Reading: Andrew Ridker, The Altruists
Prairie Lights — Wednesday, March 27 at 7 p.m.
To read Andrew Ridker’s sparkling novel The Altruists is to find oneself inside the claustrophobic confines of a dysfunctional family. Brilliant prose adorns this gem of a novel, making it a delight to read. In the novel’s short intro, set in 2000, the Alters are apparently normal St. Louis residents; parents Arthur and Francine are respectively a professor of engineering and a couples’ counselor, and the children, Ethan and Maggie, are being prepared for successful careers. Yet under their upper-middle-class veneer, there is a profound disconnection.
The main bulk of the narrative is set in 2015. Arthur, now a widower, asks his children to reunite with him for the first time since Francine’s death. Maggie has graduated college and is trying to both support herself and eschew her inheritance; Ethan has quit his lucrative position and retreated almost entirely to his home; and Arthur’s career at Danforth College is stagnating. Maggie and Ethan’s choice to answer the invitation sets the three on roads that may serve either to reconnect or to drive each other apart.
Cleverly, the narrative spirals, showing significant, and in some cases formative, experiences of all the family members. This begins with the children, and moves into the parents’ early history together, while also continuing the story along in the novel’s present day. Each time the story comes back around to 2015, it brings a new understanding to the reader, fleshing out the roots of the conflict between family members and tying the past into the situations of the present. All three of the Alters are trapped, and only by facing their pasts will they be able to move forward.
This is a wonderful book for those who appreciate human insight, subtle humor and stories about the people who might just live next door. Ridker will read from the book at Prairie Lights on Wednesday, March 27 at 7 p.m. and will be signing at M and M Bookstore in Cedar Rapids next month. He spoke with Little Village about the novel recently.
Thank you for talking with me! I was extremely impressed reading The Altruists with both its writing and structure.
The structure — some people have pointed that out to me, and I’m really glad when they do because it was definitely very conscious. But if you do know how books are put together, it’s a compliment I’m very ready to take, so I’m glad you appreciated that part of it.
Can I ask what the inspiration for the book is?
I’d say primarily I was inspired by questions that were plaguing me after I graduated college — questions that concerned how to live an ethical life and how that intersects with money and career, and then, of course, family, and the secondary question of “Where do our values come from?” The book was an attempt to play out different scenarios to answer, “What it would mean to live a good life?” Those were the central originating questions for me.
That’s very interesting and shows in the work. I can see how tracing down those different aspects of the family members can be explorations of that. How long did it take you to write it?
The first full draft took about a year and a half, and then there was probably another six months editing and smoothing over. It probably totaled out to about two years of a regular, daily, couple-hours-a-day-before-the-workday-began tight routine. I was feeling a lot of pressure, being out of college, to get something done, to get something accomplished. I wanted to prove to parts of myself that I could do it, so it was frenetic work for about two years.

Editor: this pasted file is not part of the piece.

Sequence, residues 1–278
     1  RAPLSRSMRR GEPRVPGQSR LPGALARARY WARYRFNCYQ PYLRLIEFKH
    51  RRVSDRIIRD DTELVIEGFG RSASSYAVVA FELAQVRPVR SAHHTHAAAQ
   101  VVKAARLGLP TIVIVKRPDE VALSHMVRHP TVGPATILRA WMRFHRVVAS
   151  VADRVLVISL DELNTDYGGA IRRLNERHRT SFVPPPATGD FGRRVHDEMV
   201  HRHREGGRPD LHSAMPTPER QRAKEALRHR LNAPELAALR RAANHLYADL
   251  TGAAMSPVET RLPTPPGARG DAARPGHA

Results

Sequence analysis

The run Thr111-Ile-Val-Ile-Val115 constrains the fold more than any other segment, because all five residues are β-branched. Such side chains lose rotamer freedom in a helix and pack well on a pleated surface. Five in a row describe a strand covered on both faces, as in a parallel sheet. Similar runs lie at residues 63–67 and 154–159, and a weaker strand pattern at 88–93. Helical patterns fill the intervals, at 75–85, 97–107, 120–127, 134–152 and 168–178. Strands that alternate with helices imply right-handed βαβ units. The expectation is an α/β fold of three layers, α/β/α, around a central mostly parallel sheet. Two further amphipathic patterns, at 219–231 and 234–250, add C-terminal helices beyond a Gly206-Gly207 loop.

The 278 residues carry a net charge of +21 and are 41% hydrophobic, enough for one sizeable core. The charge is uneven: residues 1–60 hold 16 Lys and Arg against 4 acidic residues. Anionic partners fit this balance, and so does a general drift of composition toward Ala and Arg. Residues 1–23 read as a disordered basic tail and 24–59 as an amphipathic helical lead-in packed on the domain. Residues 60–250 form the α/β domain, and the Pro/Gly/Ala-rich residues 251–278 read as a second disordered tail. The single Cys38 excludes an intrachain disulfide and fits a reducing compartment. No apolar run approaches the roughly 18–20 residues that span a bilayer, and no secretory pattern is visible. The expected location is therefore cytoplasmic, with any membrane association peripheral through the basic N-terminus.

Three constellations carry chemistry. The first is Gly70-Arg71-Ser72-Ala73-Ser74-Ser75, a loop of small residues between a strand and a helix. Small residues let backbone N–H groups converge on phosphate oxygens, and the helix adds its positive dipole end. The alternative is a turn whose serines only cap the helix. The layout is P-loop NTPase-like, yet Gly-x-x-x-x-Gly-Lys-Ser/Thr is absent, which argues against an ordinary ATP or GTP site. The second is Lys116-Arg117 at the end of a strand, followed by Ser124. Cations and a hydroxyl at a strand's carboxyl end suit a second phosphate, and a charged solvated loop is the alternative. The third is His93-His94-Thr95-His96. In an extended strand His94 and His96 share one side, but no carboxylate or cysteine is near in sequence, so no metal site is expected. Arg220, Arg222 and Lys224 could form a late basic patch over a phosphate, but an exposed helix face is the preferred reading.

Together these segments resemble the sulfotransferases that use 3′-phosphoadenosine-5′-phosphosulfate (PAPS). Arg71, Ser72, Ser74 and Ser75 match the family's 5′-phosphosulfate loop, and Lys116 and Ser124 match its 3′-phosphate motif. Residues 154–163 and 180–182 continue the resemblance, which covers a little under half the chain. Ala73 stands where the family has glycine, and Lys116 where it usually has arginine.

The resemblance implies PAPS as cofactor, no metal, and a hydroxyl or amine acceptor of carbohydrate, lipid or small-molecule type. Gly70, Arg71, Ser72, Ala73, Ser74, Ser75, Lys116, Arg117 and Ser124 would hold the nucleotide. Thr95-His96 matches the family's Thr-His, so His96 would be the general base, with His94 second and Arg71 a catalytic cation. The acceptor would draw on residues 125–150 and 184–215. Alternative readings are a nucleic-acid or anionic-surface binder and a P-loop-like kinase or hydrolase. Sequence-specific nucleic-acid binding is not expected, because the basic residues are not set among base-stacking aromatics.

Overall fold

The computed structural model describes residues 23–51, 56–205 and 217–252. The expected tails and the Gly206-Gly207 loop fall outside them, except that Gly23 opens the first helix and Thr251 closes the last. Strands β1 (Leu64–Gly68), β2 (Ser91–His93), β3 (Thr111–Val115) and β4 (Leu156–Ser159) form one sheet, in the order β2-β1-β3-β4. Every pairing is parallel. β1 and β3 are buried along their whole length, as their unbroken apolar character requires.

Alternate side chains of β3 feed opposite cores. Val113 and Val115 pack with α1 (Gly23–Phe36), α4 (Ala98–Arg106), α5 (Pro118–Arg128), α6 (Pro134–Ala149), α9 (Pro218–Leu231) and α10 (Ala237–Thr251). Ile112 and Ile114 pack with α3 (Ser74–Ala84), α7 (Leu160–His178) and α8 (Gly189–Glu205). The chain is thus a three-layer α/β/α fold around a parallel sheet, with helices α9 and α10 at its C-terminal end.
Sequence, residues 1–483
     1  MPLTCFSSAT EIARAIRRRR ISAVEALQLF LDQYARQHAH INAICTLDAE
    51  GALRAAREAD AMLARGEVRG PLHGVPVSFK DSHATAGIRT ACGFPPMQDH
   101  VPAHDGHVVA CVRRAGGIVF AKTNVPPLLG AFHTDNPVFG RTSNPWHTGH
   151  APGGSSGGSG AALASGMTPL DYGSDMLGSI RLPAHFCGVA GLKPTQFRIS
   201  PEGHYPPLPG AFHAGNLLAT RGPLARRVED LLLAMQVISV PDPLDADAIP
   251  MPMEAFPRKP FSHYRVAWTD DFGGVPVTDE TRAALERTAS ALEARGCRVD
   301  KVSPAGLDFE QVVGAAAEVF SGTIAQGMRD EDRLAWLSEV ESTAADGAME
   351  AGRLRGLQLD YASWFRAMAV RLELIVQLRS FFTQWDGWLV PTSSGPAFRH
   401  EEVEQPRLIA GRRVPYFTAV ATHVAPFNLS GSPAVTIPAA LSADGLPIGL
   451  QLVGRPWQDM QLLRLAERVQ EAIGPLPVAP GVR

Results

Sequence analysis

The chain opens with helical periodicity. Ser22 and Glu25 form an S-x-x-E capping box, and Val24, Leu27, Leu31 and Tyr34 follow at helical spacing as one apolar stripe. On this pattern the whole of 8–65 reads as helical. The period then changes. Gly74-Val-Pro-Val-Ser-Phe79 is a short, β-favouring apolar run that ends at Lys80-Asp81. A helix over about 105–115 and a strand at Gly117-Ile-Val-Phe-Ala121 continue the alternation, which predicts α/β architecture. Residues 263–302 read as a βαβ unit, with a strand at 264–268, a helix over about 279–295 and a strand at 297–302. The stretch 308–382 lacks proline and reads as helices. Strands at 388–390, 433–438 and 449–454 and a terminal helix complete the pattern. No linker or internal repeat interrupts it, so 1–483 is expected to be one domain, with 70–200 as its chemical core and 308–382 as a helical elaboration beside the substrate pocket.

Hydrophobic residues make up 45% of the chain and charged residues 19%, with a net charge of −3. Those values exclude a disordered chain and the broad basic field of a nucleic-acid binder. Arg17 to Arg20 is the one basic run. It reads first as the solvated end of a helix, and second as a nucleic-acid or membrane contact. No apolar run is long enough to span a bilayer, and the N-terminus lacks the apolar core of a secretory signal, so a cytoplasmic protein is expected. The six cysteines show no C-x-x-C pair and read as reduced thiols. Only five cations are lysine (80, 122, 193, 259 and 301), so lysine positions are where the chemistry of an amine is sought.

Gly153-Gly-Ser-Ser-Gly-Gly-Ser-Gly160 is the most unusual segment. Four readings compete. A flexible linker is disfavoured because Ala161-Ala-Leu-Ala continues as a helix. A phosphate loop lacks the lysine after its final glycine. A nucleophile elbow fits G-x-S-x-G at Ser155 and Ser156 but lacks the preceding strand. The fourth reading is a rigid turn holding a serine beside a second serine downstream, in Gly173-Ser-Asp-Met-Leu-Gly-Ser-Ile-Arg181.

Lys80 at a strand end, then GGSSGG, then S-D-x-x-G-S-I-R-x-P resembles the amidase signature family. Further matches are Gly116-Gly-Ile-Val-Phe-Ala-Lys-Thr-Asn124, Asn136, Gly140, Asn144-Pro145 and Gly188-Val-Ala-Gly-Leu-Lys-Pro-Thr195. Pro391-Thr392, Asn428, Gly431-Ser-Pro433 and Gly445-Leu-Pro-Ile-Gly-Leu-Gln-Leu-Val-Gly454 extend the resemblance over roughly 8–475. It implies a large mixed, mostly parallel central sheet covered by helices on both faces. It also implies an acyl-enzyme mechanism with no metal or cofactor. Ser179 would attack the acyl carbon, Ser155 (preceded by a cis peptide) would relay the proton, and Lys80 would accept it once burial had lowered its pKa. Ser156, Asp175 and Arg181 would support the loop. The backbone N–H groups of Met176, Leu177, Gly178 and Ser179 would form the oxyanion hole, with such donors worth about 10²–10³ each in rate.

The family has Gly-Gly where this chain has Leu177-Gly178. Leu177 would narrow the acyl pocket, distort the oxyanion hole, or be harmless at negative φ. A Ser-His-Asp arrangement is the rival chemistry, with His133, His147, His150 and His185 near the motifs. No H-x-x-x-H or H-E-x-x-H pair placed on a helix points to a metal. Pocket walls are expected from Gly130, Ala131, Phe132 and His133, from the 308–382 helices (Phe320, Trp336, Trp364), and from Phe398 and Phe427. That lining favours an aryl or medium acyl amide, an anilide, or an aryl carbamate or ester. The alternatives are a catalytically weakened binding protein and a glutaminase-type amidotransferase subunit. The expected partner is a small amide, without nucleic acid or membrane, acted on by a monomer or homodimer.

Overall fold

Yes, I can appreciate that. As a first-time author, how difficult was it to sell your book?
I sent it out to agents at the beginning of the summer. That was an excruciating summer of waiting to hear back. A lot of it happens in email, so it was a long road waiting for the right person to pick it up. Then, when my agent did pick it up, things went pretty quickly from there. It’s a social industry in a lot of ways. Everything happens in a social setting, so it’s really important to be on a good social understanding with the people that are going to be working with you.
That makes good sense. What was your favorite part of the book to write?
I would say any chapter with Arthur was really fun. I found that writing the antagonist tends to be more fun than writing more virtuous characters, established there are no virtuous characters in this book. So whenever he was around, he took the story and ran with it, so I was keeping up with him more than the other way around whenever he was on the page.
Did you have a least favorite part to write?
Not a least favorite, but the hardest part to write was the beginning of the second half when the living members of the family are all in the same room for the same time. That moment where everybody was in the same room at the same time talking to each other — I realized it’s one thing to create an individual character portrait, and it’s quite another to have those characters, who each have their own agendas, interact and intersect. That felt like taking on a new level of complexity.
I can see that — you already started to weave the different strands together.
Yes, and whose point of view do you write from when they’re all together? And all those other questions. So that was probably the most difficult in a technical sense.
Do you have any other projects under your belt?
The Altruists was bought and sold just before I came to the Workshop, so once I got here, I devoted myself to working on something new. I don’t want to rehash or recycle this thing that’s already in the bag, so most of my workshop experience has been with this new novel. I’m very excited now that The Altruists is out, because all these friends I’ve made since coming here can get to read it. I’m excited to read from it at Prairie Lights because it’s not something they’ve seen from me in class.